#### Critical Speed Maps in Turbomachinery

For many years, one of the primary analysis techniques has been undamped critical speed analysis, and this technique is still performed today for the preliminary estimation of critical speeds and mode shape characteristics. First, let’s take a look at what this kind of analysis technique is and what it involves.

Critical speeds and their associated mode shapes are most influenced by the support (bearing and pedestal structure) stiffness magnitudes, the support locations, and the rotor’s mass and stiffness properties. Based on this, the following definition can be given. A critical speed map is a graph representing the effect of rotor support stiffness on the critical speed of the rotor. A general view of the critical speed map is shown in Figures 1-2.

With this definition in hand, the next question would be what is critical speed? Critical speed is the rotational speed that corresponds with a structure’s resonance frequency (or frequencies). A critical speed appears when the natural frequency is equal to the excitation frequency. The excitation may come from unbalance that is synchronous with the rotational velocity or from any asynchronous excitation.

To ensure stable vibration-free operation, the critical rotor speeds should not coincide with the operating speed, which must be considered when designing the machine. If such a case occurs during the design phase of the structure, engineers need to decide how to improve the rotor system to ensure stable vibration-free operation of the machine. For this, many analyses are required. One such analysis is the critical speed map.

Consider an example of a critical speed map as shown in Figure 3.

As shown on the map, the first mode is a cylindrical mode and the second mode is a conical mode. For these modes, as the stiffness of the support becomes zero, the vibration mode becomes a rigid mode with a natural frequency of zero. As the stiffness of the support becomes infinite, the vibration mode becomes a simply supported beam mode. On the other hand, for the third and fourth modes, when the stiffness of the support is zero, the vibration mode is an elastic mode with free boundary conditions. When the stiffness of the support is infinite, the vibration mode is a higher beam mode with simply supported boundary conditions.[2]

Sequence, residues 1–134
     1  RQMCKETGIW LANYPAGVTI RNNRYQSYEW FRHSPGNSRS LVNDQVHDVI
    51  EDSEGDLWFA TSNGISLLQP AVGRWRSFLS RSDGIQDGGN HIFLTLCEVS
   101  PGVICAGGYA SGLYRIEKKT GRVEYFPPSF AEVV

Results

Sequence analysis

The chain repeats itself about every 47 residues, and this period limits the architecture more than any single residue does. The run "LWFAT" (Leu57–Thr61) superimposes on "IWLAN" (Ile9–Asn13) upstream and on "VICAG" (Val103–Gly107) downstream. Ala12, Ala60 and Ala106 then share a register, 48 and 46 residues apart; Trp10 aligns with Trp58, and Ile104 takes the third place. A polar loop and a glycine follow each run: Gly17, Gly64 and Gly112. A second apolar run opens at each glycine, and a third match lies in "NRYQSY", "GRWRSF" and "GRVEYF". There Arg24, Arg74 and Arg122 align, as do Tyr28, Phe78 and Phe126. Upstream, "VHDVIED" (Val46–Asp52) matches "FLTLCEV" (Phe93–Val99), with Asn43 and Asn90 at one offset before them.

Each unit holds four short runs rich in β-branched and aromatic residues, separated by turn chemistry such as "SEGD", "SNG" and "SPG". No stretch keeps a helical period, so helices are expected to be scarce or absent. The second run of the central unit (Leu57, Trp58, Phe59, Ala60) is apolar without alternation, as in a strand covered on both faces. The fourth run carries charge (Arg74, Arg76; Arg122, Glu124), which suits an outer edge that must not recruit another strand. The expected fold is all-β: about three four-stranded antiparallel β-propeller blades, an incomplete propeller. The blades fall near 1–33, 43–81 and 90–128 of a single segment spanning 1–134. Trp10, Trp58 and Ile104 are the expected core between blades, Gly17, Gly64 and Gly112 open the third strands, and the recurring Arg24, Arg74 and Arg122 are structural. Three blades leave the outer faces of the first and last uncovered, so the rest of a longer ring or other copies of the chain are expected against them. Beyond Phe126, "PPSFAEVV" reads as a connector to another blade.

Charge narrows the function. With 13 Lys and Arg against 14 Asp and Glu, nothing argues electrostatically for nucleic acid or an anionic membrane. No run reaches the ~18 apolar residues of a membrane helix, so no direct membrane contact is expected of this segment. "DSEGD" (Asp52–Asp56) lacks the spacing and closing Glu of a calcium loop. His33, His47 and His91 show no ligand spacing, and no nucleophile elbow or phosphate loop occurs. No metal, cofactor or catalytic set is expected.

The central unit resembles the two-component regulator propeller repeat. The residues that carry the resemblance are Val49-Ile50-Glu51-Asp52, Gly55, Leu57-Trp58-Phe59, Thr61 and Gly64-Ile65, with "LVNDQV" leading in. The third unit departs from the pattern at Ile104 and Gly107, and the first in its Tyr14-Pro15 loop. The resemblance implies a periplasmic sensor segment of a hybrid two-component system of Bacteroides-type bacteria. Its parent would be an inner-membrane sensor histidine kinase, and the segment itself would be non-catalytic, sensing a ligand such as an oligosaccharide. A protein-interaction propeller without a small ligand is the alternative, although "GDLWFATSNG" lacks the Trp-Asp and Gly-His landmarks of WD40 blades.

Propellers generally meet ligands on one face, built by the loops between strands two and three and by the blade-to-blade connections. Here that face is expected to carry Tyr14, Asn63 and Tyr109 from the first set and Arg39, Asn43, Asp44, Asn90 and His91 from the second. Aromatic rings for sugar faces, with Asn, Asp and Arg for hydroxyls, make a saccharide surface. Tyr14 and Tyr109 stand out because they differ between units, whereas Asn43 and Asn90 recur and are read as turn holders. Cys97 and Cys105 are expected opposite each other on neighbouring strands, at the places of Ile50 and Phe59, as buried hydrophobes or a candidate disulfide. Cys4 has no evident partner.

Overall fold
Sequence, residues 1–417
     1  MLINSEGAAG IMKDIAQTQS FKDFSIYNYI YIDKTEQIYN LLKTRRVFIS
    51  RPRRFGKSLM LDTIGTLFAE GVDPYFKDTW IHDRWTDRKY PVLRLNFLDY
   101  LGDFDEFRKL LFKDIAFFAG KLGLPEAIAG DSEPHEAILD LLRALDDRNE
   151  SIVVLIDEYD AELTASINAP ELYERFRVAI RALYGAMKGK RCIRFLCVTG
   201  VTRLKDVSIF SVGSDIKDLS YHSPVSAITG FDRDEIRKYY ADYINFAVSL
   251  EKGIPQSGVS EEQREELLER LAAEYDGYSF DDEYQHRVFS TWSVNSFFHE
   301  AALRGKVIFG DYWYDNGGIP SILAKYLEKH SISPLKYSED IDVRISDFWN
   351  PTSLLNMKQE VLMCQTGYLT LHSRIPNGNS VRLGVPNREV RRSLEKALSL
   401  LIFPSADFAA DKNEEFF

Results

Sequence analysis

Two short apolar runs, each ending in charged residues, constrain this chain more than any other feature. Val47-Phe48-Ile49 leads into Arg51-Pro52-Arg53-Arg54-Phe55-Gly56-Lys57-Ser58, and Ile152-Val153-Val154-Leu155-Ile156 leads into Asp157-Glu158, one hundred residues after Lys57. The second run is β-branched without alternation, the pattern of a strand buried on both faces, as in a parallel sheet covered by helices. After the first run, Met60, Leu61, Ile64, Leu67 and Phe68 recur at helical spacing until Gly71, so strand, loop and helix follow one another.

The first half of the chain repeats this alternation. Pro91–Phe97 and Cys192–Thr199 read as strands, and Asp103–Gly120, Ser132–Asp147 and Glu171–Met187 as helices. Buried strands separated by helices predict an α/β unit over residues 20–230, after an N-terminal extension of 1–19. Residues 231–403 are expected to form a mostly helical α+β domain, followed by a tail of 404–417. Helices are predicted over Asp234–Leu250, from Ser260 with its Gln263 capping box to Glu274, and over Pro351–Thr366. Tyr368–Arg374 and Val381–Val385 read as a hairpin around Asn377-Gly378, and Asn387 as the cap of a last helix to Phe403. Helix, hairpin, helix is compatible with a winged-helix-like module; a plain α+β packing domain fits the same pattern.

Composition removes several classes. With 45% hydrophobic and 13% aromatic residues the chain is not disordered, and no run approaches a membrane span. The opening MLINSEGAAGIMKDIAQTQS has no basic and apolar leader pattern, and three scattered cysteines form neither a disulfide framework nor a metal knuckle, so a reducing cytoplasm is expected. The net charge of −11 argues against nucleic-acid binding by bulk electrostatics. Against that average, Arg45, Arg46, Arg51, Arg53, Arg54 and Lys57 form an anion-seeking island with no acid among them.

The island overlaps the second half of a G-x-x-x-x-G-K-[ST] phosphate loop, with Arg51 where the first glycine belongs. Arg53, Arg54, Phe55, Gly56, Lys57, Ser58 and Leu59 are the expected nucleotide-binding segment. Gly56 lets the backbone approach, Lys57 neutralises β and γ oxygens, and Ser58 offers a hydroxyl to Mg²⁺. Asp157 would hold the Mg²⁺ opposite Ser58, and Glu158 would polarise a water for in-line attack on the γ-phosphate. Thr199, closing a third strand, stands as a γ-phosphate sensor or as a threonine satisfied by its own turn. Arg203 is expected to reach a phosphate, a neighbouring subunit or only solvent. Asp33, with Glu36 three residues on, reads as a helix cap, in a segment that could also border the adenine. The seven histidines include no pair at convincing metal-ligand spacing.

With the critical speed map defined, the final step in the analysis is to define what the actual support characteristics are in order to estimate the critical speeds. Using the results from bearing and support analysis techniques, speed-dependent total bearing/support principal stiffnesses (Kxx, Kyy) are cross-plotted on the map (Figure 2). Speeds where the support coefficient curves intersect with the critical speed curves are the potential critical speeds of the system.

Now that we’ve covered the basics of critical speeds and critical speed maps, let’s get into the more practical aspects. Specifically, what information can be gathered from a critical speed map to help an engineer understand how to improve the rotor system in order to ensure stable, vibration-free operation of the machine, and how that info is interpreted.

It is already known that in order to ensure stable vibration-free operation, the critical rotor speeds should not coincide with the operating speed. On the critical speed map, these are the places where the critical speed intersects with the operating speed or its range. These getting in the operating speed range will correspond to a certain stiffness of the supports. Therefore, the engineer will need to change the stiffness of the support to one in which the case described earlier will not occur. To do this, it will be enough to choose the stiffness of the supports, which is located to the left or to the right of the stiffness at which dangerous vibrations occur. It is important to note that with the newly selected stiffness, the case should not be repeated where the critical rotor speeds coincide with the operating speed.

The critical speed map is an important part of the overall analysis when designing rotors. It serves both as the preliminary estimation of critical speeds and mode shape characteristics, as well as a reference point of how the machine can be improved. When designing a rotor, it is important to understand the effect of the bearing stiffness on the critical speeds. The critical speed map can be used to show the evolution of the critical speeds of the rotor with respect to the bearing’s stiffness.

For the tasks described above, engineers need software that can help solve their problems and at the same time simplify their work. The good news is that there are already comprehensive standards and sophisticated engineering tools that make this task much easier for engineers. AxSTREAM RotorDynamics provides its users with comprehensive rotor simulation based on recognized approaches and API standards and allows engineers to take into account all the important dynamic effects of the rotor that affect the accuracy of the results.

To learn more about AxSTREAM RotorDynamics, schedule a meeting with our team at Info@SoftInWay.com.

Reference

1. API TR 684-1 1ST ED (2019). API Standard Paragraphs Rotordynamic Tutorial: Lateral Critical Speeds, Unbalance Response, Stability, Train Torsionals, and Rotor Balancing; First Edition
2. Kaneko Y., Kanki H., Kawashita R. Steam turbine rotor design and rotor dynamics analysis. Advances in Steam Turbines for Modern Power Plants. 2017. С. 127–151. URL: https://doi.org/10.1016/b978-0-08-100314-5.00007-5